TUESDAY, April 29, 2014 (HealthDay News) -- A type of iron found only in red meat is associated with an increase in the risk of heart disease, a new review finds.
Researchers analyzed 21 studies that included more than 292,000 people who were followed for an average of 10 years. They found a link between consuming heme iron -- which is only in red meat -- and a 57 percent increased risk of heart disease.
In contrast, consuming non-heme iron -- found in vegetables, other non-meat sources and iron supplements -- was not associated with the risk of heart disease, according to the researchers at the Indiana University School of Public Health at Bloomington.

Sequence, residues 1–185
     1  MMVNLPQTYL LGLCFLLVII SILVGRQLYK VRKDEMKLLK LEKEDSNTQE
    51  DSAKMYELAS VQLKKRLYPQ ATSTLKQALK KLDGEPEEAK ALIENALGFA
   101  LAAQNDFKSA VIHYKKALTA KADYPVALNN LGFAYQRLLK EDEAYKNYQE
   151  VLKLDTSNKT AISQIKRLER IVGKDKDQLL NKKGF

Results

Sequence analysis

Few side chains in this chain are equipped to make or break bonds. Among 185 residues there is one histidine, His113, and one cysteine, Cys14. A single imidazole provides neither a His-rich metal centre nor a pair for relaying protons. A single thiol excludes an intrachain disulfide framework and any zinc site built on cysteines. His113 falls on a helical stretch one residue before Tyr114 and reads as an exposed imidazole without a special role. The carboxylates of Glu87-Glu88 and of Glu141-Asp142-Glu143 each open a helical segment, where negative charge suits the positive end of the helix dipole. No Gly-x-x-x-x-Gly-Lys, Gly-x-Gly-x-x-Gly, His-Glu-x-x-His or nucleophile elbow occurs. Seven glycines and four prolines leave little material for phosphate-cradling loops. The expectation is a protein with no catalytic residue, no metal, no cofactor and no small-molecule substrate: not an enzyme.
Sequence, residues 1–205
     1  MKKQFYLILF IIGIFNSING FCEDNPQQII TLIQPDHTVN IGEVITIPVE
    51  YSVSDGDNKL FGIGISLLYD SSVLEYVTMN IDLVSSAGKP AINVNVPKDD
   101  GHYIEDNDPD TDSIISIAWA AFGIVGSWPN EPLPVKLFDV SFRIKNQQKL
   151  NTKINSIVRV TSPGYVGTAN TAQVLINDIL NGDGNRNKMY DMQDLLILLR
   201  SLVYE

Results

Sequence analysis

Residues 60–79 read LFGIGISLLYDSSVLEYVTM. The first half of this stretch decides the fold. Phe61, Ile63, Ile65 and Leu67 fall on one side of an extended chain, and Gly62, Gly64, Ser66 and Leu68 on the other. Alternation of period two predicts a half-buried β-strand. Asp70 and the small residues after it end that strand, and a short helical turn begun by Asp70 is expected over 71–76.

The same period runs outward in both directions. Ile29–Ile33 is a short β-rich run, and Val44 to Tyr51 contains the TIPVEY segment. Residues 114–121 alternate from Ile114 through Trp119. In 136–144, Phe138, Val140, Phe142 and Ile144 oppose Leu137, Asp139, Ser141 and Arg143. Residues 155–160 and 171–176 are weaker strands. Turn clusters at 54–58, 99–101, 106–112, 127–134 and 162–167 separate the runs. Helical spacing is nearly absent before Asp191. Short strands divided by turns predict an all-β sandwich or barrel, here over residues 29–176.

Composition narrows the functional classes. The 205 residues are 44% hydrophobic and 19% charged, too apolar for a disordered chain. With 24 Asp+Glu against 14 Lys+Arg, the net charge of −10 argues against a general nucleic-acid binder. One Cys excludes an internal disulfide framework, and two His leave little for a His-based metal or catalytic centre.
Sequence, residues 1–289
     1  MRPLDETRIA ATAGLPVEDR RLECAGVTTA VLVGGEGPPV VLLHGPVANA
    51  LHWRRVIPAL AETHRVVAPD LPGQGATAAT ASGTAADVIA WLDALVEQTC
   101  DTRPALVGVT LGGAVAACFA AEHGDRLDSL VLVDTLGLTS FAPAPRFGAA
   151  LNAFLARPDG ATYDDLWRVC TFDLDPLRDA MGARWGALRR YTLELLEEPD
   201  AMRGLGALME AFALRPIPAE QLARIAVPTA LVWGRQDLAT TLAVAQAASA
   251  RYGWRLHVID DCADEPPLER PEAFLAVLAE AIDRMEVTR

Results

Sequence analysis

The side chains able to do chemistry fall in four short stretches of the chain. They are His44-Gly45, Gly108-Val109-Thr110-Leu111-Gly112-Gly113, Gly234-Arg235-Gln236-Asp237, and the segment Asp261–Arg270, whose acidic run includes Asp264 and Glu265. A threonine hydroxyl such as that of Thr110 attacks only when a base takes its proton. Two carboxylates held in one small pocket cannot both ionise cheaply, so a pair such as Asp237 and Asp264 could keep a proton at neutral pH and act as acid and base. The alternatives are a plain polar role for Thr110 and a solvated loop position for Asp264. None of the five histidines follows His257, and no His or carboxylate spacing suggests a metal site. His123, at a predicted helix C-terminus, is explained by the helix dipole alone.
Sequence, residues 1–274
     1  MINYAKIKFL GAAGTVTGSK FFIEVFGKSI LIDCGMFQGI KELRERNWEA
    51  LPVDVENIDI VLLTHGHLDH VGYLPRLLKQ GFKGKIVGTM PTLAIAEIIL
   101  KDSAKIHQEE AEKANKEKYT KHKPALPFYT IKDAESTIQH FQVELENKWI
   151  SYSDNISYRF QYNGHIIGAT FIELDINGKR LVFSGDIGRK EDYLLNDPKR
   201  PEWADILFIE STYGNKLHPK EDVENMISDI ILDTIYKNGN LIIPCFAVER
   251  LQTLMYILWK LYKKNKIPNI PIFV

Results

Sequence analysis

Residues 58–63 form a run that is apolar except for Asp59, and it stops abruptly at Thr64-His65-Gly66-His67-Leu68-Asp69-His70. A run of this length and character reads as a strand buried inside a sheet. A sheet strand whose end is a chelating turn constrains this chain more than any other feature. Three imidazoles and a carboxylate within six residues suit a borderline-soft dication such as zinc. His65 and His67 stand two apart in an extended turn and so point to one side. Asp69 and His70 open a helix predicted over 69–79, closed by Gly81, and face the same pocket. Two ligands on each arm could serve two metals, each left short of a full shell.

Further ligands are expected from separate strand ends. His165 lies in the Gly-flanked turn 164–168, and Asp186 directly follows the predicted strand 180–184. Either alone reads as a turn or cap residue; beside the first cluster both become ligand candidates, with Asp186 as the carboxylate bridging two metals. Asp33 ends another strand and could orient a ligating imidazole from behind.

"Heme iron is absorbed at a much greater rate in comparison to non-heme iron [37 percent vs. 5 percent]," the researchers said in a university news release. "Once absorbed, it may contribute as a catalyst in the oxidation of [bad cholesterol], causing tissue-damaging inflammation." This inflammation is a potential risk factor for heart disease.
The study was recently published online ahead of print in the Journal of Nutrition.
They said that iron levels in the body tend to rise over time.
Studies looking into the role that red meat plays in the development of heart disease have had inconsistent results, according to the news release. Although their research doesn't establish a direct cause-and-effect relationship, the researchers believe their findings bolster the case against a steady diet of steak.
The U.S. National Library of Medicine has more about heart disease prevention.
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